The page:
Compositional and expression analyses of the glideosome during the Plasmodium life cycle reveal an additional myosin light chain required for maximum motility

Judith L. Green, Richard J. Wall, Juha Vahokoski, Noor A. Yusuf, Mohd A. Mohd Ridzuan, Rebecca R. Stanway, Jessica Stock, Ellen Knuepfer, Declan Brady, Stephen R. Martin, Steven A. Howell, Isa P. Pires, Robert W. Moon, Justin E. Molloy, Inari Kursula, Rita Tewari, Anthony A. Holder (Lead / Corresponding author)

Research output: Contribution to journalArticlepeer-review

30 Citations (Scopus)
189 Downloads (Pure)


Myosin A (MyoA) is a Class XIV myosin implicated in gliding motility and host cell and tissue invasion by malaria parasites. MyoA is part of a membrane-associated protein complex called the glideosome, which is essential for parasite motility and includes the MyoA light chain myosin tail domain–interacting protein (MTIP) and several glideosome-associated proteins (GAPs). However, most studies of MyoA have focused on single stages of the parasite life cycle. We examined MyoA expression throughout the Plasmodium berghei life cycle in both mammalian and insect hosts. In extracellular ookinetes, sporozoites, and merozoites, MyoA was located at the parasite periphery. In the sexual stages, zygote formation and initial ookinete differentiation precede MyoA synthesis and deposition, which occurred only in the developing protuberance. In developing intracellular asexual blood stages, MyoA was synthesized in mature schizonts and was located at the periphery of segmenting merozoites, where it remained throughout maturation, merozoite egress, and host cell invasion. Besides the known GAPs in the malaria parasite, the complex included GAP40, an additional myosin light chain designated essential light chain (ELC), and several other candidate components. This ELC bound the MyoA neck region adjacent to the MTIP-binding site, and both myosin light chains co-located to the glideosome. Co-expression of MyoA with its two light chains revealed that the presence of both light chains enhances MyoA-dependent actin motility. In conclusion, we have established a system to study the interplay and function of the three glideosome components, enabling the assessment of inhibitors that target this motor complex to block host cell invasion.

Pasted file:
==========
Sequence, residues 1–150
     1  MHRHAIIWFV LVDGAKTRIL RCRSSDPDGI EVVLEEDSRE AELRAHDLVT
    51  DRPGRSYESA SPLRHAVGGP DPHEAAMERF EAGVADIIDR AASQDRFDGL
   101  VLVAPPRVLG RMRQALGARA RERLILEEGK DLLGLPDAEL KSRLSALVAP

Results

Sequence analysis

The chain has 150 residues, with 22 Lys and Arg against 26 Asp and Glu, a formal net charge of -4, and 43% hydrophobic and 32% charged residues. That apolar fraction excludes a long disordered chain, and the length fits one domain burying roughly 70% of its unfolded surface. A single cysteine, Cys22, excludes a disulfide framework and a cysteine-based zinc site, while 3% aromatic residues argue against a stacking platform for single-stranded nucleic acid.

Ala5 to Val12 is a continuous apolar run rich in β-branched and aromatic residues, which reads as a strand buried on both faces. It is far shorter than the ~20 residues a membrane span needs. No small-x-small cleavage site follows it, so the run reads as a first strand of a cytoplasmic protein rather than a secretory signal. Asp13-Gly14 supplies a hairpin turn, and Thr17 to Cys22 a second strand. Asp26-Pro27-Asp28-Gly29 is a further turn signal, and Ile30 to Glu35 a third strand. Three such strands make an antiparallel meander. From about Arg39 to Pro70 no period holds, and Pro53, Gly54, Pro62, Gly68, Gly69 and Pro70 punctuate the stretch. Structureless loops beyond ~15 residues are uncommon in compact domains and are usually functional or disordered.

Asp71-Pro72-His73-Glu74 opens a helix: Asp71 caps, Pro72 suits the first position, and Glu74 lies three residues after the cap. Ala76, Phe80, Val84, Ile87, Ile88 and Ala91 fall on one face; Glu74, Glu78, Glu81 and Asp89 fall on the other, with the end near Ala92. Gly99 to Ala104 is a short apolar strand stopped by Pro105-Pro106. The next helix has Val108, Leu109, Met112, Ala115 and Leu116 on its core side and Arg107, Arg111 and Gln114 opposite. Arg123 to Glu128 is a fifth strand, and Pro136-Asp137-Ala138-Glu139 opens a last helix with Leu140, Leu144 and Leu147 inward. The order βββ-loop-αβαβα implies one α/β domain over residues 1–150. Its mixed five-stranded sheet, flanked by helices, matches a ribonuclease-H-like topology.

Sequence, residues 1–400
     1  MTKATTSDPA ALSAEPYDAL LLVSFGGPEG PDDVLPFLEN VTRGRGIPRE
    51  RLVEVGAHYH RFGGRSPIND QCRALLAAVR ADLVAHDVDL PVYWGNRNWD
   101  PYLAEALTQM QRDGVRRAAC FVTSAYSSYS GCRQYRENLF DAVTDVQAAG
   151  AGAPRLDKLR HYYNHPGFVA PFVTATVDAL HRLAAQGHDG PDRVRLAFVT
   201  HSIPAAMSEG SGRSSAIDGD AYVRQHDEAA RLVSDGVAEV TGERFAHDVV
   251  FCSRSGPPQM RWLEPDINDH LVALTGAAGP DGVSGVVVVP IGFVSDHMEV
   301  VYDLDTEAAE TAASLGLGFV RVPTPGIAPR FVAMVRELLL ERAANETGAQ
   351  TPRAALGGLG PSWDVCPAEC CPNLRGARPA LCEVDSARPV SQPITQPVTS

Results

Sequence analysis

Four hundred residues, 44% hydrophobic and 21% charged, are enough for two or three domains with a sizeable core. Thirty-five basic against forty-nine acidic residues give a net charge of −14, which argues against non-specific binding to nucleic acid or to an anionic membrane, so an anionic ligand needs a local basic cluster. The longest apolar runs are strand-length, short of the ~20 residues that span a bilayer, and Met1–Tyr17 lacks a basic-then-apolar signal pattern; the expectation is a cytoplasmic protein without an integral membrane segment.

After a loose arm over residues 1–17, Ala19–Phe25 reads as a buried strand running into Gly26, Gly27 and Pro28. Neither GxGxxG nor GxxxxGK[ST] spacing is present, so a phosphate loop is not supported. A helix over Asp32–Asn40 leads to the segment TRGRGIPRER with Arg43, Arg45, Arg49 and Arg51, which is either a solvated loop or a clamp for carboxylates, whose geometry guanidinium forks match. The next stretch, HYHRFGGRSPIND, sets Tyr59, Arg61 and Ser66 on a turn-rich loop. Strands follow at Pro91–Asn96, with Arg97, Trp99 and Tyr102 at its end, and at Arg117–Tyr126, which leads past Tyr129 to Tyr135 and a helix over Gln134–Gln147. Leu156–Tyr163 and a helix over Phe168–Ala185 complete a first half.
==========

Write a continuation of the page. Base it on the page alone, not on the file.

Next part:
Original languageEnglish
Pages (from-to)17857-17875
Number of pages19
JournalJournal of Biological Chemistry
Issue number43
Early online date11 Sept 2017
Publication statusPublished - 27 Oct 2017


  • cell motility
  • invastion
  • malaria
  • myosin
  • plasmodium
  • glideosome
  • myosin light chain

ASJC Scopus subject areas

  • Biochemistry
  • Molecular Biology
  • Cell Biology


Dive into the research topics of 'Compositional and expression analyses of the glideosome during the Plasmodium life cycle reveal an additional myosin light chain required for maximum motility'. Together they form a unique fingerprint.

Cite this